The good news is that the way we manage our fisheries is not set in stone, and that we, as concerned citizens, have the opportunity to demand accountability and reform.

Volunteers with the Fair Fish Campaign, a national effort to support family fishermen and protect our oceans, have gathered more than 700 public comment cards urging Maria Cantwell, the chairwoman of the Senate Subcommittee on Oceans, Atmosphere, Fisheries and the Coast Guard, to call for hearings on catch shares.

On Nov. 24, we will deliver those postcards to Cantwell’s federal office in downtown Seattle, setting in motion a mandate for reform that will embody both our traditional ideals and vision for a sustainable future.

Please join us and take advantage of this opportunity to have your voice heard.

We encourage our readers to comment. No registration is required. We ask that you keep your comments free of profanity and keep them civil. They are moderated and objectionable comments will be removed.

Comments

Saying that catch share

Saying that catch share fishery management equals privatization is one of the most bogus claims about it out there. It's false, plain and simple. The fact that Food and Water Watch continues to repeat it is a testament to their credibility.

Federal law, specifically the Magnusun Stevens Fishery Conservation Act does not grant property rights. When it last amended the MSA in 2006, Congress added a provision allowing fishing privileges to be granted to certain eligible persons under certain programs. Yet Congress also included a section that clearly and emphatically states that the holder of such privileges does not have a property right in them.

The MSA provides that any fishing privileges granted—
- “may be revoked, limited or modified at any time”
- “shall not confer any right of compensation to the holder”
- “shall not create, or be construed to create, any right, title, or interest in or to any fish”
- “shall be considered a grant of permission to the holder…to engage in [permitted] activities”1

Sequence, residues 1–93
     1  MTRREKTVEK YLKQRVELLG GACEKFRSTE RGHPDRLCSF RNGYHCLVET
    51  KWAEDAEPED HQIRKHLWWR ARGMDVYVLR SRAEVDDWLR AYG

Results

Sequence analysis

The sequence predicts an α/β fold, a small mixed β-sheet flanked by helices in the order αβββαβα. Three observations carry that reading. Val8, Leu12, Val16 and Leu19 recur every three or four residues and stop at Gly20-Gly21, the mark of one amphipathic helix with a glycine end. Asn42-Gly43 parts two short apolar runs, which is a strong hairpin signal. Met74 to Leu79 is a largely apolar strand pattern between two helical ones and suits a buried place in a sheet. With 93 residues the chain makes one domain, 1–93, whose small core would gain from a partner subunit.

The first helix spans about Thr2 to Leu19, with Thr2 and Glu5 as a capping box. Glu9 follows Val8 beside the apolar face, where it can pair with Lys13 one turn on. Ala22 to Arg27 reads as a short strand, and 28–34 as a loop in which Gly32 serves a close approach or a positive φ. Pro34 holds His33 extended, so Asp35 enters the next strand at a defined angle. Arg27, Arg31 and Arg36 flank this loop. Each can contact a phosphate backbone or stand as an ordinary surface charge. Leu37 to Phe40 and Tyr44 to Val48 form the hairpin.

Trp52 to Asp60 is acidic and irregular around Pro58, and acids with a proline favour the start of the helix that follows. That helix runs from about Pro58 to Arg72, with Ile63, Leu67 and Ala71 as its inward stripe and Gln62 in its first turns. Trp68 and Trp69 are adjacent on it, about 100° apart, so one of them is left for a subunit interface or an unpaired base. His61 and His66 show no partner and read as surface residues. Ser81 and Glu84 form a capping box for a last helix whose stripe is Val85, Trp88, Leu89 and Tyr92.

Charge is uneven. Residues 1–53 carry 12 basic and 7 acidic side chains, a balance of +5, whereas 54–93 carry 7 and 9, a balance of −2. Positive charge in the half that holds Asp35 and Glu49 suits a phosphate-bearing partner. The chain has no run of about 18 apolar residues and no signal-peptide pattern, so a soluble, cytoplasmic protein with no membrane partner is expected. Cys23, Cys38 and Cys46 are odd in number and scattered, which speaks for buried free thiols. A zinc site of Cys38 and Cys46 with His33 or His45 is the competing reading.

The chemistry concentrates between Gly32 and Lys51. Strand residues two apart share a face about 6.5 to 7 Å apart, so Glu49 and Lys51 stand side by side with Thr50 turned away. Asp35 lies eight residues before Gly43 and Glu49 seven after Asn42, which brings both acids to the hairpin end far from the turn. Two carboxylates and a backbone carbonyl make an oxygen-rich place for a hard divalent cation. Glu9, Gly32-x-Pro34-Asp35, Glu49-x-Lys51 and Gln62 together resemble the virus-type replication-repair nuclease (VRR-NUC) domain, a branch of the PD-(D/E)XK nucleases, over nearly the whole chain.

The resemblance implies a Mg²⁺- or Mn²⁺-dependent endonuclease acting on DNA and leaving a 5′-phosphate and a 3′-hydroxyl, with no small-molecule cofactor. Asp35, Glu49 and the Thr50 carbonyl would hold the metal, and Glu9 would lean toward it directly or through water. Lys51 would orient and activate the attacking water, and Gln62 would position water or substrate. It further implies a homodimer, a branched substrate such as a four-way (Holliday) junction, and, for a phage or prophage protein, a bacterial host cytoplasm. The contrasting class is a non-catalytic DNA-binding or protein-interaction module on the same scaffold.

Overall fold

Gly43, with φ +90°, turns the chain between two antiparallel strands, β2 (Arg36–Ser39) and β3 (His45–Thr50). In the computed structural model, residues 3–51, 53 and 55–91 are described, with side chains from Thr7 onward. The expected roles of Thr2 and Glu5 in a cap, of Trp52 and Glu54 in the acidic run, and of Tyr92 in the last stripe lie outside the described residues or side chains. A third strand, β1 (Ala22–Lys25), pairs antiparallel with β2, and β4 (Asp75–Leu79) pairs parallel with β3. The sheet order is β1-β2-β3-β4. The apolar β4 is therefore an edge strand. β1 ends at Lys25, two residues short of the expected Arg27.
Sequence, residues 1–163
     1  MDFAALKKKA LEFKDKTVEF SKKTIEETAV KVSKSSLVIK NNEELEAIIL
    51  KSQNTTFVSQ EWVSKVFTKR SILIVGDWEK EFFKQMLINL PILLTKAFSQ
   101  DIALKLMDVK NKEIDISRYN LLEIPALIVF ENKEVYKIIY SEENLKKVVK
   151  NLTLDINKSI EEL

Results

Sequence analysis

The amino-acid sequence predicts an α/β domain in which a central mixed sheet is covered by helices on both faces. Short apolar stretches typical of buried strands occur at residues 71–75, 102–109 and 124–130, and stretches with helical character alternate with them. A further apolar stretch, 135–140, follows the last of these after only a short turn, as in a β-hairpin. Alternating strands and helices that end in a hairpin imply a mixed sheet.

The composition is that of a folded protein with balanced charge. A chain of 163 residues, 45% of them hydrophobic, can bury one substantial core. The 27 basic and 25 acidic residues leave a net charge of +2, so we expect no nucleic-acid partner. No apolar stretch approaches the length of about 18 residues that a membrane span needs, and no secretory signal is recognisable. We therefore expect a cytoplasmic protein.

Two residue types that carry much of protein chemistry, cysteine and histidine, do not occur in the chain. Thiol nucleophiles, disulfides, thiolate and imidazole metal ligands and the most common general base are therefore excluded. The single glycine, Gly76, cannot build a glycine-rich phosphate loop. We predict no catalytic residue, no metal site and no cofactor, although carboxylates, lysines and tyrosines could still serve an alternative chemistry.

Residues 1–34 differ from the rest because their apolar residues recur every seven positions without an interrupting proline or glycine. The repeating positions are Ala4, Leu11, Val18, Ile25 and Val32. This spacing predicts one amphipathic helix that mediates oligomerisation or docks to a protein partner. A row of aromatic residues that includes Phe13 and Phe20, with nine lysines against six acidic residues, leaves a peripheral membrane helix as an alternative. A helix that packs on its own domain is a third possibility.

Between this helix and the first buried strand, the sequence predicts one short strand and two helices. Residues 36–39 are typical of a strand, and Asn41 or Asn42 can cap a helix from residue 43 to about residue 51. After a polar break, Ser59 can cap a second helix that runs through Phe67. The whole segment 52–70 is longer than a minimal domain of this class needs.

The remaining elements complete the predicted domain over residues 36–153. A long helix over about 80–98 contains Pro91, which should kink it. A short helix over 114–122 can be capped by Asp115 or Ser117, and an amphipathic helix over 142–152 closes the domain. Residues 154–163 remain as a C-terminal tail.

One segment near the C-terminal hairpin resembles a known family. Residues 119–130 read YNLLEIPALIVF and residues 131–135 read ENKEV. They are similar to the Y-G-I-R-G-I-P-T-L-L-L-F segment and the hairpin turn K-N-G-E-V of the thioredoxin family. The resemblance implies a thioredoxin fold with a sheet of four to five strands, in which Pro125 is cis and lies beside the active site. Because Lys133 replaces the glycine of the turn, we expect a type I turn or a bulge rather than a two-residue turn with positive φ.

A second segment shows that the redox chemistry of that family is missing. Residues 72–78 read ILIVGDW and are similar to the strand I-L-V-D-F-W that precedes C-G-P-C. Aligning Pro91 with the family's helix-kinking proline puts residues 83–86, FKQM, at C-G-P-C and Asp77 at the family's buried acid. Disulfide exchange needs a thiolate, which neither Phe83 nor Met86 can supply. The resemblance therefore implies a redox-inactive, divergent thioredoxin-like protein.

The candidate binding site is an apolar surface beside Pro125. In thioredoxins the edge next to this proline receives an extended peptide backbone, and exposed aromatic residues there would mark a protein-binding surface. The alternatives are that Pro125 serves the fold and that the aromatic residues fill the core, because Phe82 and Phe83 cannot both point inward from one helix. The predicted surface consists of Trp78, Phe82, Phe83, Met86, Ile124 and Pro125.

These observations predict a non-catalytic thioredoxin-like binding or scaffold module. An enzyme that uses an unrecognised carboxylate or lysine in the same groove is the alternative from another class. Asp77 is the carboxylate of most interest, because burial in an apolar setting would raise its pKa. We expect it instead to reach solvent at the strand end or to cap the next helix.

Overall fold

U.S. courts have consistently determined that fishing privileges do not give rise to a property interest subject to the Takings Clause of the Constitution.
American Pelagic Fishing Co. v. U.S. (2004). “Pursuant to the Magnuson Act, the “conservation and management of the [Exclusive Economic Zone]” belongs to the sovereign, and this necessarily includes the right to fish in the zone. Moreover, there is no language in the statute to the effect that any fishing privileges that are granted pursuant to the Magnuson Act vest in their owners a property right protected by the Fifth Amendment.”

Conti v. U.S. (2002). “Mr. Conti’s swordfishing permit…falls short of conferring a congnizable property interest [protected by the Fifth Amendment].”

Foss v. National Marine Fisheries Service (1998). “[T]he language of the Magnuson Act does not confer any claim of entitlement or property rights.”

Parravano v. Babbit (1994). “Thus, the Magnuson Act…does not confer on commercial fishermen any right or title in the fishery resources under the Department of Commerce’s authority.”

Fishing privileges are valuable, but that does not make them property of the holder. Fishing privileges constitute valuable assets that may be collateralized or subject to disposition in bankruptcy or divorce proceedings. But that does not make the fishing privileges the “property” of the holder subject to the Takings Clause when the government takes action that could adversely affect those privileges.

Schmitz (2001). Although the court found fishing privileges were not part of the debtor’s bankruptcy estate, it did so only because the fishing privileges were granted after the debtor filed for bankruptcy. The court’s holding suggests the outcome would have been different had the privileges been issued before the debtor filed.

Johns v. Johns (Alaska 1997). “[The husband’s fishing privileges] are marital assets that he may transfer at any time…the trial court did not err in finding that [his fishing privileges] are marital property.”